Posted March 6, 2008 – Many of the federal inmates charged for crack cocaine offenses – who are serving longer terms than prisoners who got busted with larger quantities of more potent powder cocaine – are starting to go home, thanks to a decision by a legal commission that advises government.
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In December, the U.S. Sentencing Commission found that inmates sentenced for crack offenses could ask for lighter sentences, in essence agreeing with critics who have long argued that current harsh mandatory sentences are racially discriminatory.
Under the sentencing guidelines known as the 100-to-one rule, those caught with one gram of crack cocaine, which is more likely to be used by Blacks, faced the same sentence as those caught with 100 grams of powder cocaine, which is more likely to be found on Whites.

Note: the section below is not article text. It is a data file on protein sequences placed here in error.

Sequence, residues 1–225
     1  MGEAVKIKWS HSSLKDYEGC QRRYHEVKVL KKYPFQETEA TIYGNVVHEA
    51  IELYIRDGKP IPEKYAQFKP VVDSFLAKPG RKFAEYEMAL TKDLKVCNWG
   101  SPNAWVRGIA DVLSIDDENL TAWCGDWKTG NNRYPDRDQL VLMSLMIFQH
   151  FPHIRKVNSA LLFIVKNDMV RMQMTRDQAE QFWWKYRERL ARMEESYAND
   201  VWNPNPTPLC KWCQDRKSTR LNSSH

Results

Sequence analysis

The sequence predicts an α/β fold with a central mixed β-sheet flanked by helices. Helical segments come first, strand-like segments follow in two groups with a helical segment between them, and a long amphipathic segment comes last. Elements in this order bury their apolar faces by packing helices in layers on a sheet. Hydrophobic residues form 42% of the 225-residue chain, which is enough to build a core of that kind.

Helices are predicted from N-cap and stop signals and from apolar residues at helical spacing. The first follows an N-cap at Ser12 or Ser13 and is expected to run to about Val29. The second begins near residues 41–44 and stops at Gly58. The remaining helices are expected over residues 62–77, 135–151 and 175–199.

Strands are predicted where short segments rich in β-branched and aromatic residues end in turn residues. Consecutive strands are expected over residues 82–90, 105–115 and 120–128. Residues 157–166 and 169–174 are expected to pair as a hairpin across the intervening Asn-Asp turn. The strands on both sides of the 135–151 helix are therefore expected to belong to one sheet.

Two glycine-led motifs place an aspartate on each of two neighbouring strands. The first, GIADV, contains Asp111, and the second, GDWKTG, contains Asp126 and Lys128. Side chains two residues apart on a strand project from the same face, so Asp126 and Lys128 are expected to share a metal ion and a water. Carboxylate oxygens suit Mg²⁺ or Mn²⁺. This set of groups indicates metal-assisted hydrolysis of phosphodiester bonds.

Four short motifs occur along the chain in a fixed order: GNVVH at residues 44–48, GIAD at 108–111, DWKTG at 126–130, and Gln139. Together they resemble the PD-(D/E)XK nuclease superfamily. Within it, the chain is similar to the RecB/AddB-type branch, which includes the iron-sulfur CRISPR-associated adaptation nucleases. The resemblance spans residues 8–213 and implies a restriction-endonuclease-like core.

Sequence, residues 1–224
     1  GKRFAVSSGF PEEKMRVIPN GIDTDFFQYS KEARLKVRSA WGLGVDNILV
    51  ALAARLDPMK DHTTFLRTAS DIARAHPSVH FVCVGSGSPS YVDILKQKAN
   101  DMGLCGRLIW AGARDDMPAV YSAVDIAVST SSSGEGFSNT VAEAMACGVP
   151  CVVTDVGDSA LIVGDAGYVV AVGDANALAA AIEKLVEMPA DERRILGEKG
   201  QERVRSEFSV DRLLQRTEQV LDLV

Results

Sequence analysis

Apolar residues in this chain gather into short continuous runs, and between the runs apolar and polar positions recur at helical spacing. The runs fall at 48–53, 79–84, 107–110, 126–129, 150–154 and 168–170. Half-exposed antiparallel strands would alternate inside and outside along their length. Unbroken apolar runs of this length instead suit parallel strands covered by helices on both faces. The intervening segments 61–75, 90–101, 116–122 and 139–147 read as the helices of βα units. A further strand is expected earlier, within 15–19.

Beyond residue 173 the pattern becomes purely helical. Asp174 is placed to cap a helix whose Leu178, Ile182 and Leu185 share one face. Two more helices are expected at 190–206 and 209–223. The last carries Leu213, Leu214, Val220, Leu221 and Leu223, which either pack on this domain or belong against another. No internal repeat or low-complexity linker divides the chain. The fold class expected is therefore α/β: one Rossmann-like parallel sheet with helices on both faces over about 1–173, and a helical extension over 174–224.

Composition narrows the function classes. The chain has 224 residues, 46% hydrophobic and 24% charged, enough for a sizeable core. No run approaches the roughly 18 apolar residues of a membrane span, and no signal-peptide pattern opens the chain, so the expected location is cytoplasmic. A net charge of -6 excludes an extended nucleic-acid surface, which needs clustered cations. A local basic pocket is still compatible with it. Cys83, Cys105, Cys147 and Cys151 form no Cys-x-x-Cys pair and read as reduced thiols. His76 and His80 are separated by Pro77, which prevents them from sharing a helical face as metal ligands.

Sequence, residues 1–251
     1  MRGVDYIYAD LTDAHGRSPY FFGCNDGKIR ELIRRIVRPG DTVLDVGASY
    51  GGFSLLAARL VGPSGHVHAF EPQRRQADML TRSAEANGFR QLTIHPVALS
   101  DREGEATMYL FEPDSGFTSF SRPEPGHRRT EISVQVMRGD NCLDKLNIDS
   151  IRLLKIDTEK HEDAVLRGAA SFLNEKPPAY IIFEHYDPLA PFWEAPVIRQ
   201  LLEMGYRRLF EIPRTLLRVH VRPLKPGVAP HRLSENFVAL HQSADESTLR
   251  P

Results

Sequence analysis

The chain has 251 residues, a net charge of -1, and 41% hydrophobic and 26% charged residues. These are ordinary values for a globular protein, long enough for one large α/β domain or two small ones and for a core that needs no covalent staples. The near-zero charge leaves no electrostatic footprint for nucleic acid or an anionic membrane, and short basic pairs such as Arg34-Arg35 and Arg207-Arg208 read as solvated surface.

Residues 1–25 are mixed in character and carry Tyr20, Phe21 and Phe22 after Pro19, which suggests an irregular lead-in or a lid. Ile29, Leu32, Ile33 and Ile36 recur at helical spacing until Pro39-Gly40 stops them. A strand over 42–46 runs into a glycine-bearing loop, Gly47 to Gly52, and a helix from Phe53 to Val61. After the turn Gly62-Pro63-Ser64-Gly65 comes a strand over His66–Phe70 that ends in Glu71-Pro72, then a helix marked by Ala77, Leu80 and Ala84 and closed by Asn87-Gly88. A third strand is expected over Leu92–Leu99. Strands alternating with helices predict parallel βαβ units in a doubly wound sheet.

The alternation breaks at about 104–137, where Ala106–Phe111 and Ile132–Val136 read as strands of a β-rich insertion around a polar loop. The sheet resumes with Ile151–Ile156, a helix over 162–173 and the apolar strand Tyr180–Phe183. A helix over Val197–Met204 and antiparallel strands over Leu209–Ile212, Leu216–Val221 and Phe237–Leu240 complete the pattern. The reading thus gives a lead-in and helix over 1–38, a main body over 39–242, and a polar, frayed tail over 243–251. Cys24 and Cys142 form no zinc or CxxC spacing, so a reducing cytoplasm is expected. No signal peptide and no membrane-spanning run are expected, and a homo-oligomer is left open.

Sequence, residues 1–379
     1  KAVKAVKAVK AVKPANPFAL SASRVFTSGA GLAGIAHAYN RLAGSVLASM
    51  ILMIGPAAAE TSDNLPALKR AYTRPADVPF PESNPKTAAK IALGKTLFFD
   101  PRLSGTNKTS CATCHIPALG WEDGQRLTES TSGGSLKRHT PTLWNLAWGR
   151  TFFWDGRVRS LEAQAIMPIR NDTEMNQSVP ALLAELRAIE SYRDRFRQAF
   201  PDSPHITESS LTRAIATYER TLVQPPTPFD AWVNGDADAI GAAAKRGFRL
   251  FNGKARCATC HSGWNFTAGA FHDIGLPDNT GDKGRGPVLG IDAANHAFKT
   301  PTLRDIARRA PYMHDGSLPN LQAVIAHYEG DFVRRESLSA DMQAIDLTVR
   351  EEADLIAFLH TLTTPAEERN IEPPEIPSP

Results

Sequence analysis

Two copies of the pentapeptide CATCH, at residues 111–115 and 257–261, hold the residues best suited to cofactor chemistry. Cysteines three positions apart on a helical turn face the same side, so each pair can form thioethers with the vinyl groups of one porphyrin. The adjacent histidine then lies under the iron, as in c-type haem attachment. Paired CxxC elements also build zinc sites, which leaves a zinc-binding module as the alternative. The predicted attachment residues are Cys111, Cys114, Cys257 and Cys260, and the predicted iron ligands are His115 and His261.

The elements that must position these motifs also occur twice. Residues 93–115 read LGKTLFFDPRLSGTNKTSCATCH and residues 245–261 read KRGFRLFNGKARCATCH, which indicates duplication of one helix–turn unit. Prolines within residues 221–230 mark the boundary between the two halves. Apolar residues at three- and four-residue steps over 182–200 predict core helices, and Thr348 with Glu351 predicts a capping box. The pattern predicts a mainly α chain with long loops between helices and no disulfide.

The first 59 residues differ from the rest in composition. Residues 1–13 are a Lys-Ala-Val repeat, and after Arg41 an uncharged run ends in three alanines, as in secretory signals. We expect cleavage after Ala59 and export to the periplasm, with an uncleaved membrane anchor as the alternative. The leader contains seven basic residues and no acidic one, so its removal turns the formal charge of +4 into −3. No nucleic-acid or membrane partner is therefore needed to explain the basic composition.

Several lawyers told CNN on Monday that at least a dozen convicts were scheduled to be released this week. Michael Nachmanoff, a federal public defender in Virginia , said that his office alone filed 16 motions for early release. But he noted that judges are not compelled to release inmates they deem dangerous just because they are eligible for early release under the Sentencing Commission recommendation. "Judges have a lot of discretion," he told CNN.
"If [judges] view a particular defendant a public danger there is nothing in the law that obligates them to lower that sentence. They can also impose intermediate protections as well or refer someone to a halfway house, or to home confinement."
Some 1,600 federal inmates are eligible to request a reduction in their sentences because of the commission’s decision and, according to CNN, judges could eventually reduce sentences for nearly 20,000 inmates.
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